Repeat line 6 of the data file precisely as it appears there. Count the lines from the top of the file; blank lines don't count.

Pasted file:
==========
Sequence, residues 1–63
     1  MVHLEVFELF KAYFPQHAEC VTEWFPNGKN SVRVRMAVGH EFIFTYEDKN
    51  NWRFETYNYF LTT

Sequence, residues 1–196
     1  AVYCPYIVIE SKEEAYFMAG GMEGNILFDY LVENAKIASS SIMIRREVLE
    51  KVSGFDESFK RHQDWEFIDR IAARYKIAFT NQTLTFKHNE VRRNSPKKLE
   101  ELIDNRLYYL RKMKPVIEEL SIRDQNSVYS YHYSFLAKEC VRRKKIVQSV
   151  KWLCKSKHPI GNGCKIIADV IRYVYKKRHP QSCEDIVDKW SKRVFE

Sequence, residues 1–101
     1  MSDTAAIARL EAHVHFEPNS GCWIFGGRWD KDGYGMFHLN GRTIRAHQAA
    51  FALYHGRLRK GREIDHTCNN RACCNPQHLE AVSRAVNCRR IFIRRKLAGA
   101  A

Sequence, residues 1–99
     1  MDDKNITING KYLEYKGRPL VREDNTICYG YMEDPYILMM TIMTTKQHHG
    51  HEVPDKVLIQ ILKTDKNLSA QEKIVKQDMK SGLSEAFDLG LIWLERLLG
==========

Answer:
    51  KVSGFDESFK RHQDWEFIDR IAARYKIAFT NQTLTFKHNE VRRNSPKKLE